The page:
Surgical management of pelvic organ prolapse in women

Review question

Which surgical interventions for posterior vaginal wall prolapse have the best outcomes, and what are the complications of each intervention?

Background

Posterior vaginal wall prolapse is descent of the rectum or small bowel, causing the back wall of the vagina to bulge into the vagina. This condition can be treated conservatively with pelvic floor muscle training or vaginal pessaries, or it can be managed surgically. Several different operations are currently performed to manage prolapse of the posterior vaginal wall. This review aims to compare these different operations in terms of their effectiveness and safety. Surgery for prolapse of the posterior vaginal wall can be done through the back passage or through the vagina. Different vaginal techniques aim to restore the strong fascial layer at the midline along the whole length of the posterior vaginal wall (midline fascial plication), or to identify and repair specific defects in this strong fascial layer (site-specific repair). Those who perform repairs can use a woman’s own native tissue alone or can add a graft. The graft can be absorbable, biological, or synthetic.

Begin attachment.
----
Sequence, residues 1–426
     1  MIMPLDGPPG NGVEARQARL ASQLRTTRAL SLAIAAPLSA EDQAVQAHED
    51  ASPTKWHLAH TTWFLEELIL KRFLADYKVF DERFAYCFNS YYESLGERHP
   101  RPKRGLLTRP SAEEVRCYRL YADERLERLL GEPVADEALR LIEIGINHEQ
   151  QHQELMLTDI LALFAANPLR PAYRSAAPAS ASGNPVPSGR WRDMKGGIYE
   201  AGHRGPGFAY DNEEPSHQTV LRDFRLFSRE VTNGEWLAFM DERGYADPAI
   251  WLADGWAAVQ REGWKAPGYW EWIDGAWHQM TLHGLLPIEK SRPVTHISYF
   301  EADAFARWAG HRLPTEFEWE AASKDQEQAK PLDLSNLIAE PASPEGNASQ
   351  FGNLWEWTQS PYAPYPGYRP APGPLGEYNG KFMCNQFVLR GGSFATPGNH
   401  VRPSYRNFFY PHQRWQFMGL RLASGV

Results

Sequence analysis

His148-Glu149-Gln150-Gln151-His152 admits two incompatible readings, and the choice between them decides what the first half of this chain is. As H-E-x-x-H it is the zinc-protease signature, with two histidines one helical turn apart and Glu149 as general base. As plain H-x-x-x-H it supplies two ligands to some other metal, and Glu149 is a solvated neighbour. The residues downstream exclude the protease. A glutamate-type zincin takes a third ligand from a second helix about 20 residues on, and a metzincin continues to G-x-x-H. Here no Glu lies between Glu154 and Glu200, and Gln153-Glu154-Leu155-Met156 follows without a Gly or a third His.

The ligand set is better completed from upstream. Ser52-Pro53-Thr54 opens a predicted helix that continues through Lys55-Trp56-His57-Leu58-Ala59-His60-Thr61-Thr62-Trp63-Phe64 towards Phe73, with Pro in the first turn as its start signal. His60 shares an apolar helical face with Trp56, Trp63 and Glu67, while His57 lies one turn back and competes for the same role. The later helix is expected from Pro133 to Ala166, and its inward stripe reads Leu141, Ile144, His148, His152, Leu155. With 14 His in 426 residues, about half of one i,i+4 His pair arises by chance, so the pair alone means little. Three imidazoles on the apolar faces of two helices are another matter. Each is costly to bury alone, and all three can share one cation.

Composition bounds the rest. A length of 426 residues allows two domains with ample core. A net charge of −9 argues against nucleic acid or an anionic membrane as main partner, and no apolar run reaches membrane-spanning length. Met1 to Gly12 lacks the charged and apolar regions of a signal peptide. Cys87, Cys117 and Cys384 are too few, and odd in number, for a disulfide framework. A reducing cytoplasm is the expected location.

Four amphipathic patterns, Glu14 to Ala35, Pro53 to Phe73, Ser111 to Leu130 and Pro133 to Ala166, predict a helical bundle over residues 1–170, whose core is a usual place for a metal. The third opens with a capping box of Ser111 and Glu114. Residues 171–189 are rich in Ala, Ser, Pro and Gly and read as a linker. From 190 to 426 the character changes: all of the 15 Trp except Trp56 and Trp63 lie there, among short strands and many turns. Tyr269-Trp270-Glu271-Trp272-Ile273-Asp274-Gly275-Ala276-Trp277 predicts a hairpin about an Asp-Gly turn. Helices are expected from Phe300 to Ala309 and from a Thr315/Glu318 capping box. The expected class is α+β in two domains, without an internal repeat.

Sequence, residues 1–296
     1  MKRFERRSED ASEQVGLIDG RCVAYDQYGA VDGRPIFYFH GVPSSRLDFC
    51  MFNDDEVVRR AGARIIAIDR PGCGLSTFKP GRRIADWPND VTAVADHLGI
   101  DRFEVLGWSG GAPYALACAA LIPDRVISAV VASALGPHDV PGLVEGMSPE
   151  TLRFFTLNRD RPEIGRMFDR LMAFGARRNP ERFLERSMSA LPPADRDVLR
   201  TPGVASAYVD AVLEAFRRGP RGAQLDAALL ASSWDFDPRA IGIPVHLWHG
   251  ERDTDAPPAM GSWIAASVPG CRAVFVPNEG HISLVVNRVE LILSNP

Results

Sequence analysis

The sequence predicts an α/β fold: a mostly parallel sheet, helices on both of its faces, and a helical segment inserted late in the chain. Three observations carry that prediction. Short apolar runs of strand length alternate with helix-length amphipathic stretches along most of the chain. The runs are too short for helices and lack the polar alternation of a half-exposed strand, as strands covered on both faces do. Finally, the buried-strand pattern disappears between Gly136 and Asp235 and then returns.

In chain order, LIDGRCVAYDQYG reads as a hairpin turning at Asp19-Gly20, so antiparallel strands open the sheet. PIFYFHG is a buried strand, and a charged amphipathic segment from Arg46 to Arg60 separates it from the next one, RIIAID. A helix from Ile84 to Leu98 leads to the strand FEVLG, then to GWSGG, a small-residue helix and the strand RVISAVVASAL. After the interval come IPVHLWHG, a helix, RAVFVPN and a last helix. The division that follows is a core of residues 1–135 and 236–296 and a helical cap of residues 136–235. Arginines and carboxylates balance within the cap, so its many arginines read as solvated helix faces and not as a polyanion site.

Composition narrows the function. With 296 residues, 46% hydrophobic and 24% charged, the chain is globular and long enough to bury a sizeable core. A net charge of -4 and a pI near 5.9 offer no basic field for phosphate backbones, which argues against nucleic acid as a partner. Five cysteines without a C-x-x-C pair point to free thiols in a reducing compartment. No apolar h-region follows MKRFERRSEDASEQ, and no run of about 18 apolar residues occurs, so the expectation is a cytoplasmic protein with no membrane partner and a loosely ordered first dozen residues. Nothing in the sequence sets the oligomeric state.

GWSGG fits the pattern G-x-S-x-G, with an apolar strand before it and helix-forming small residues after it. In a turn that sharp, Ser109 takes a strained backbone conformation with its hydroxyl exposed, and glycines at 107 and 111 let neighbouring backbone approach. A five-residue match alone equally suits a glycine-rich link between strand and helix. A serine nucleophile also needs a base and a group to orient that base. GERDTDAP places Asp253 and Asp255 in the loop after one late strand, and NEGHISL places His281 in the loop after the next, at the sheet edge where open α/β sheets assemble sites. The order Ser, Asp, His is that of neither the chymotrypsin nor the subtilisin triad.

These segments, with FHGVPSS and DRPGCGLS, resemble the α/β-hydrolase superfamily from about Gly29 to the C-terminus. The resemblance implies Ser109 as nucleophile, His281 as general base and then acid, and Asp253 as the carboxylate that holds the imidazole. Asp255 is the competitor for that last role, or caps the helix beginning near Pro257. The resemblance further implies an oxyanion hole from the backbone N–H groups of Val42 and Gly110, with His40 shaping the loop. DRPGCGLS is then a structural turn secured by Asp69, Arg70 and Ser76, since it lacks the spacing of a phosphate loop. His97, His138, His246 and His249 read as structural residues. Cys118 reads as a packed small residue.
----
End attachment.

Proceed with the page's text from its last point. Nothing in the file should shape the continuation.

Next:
Study characteristics

This review identified 10 randomised controlled trials including 1099 women with posterior vaginal wall prolapse. Four trials compared transanal repairs with transvaginal repairs. One study compared site-specific repair with midline fascial plication - two different techniques for transvaginal native tissue repair. One trial compared absorbable graft and native tissue vaginal repair. Four trials compared biological graft with native tissue, and one trial compared synthetic graft with native tissue. The evidence is current to April 2017.


Key results

Repair through the vagina may be more effective than repair through the back passage for posterior vaginal wall prolapse. However, data on adverse effects are scanty. Evidence was insufficient to permit conclusions about the relative effectiveness or safety of other types of surgery. Evidence does not support using mesh or biological grafts at the time of posterior vaginal repair. Withdrawal of some commercial transvaginal mesh kits from the market may limit the generalisability of our findings.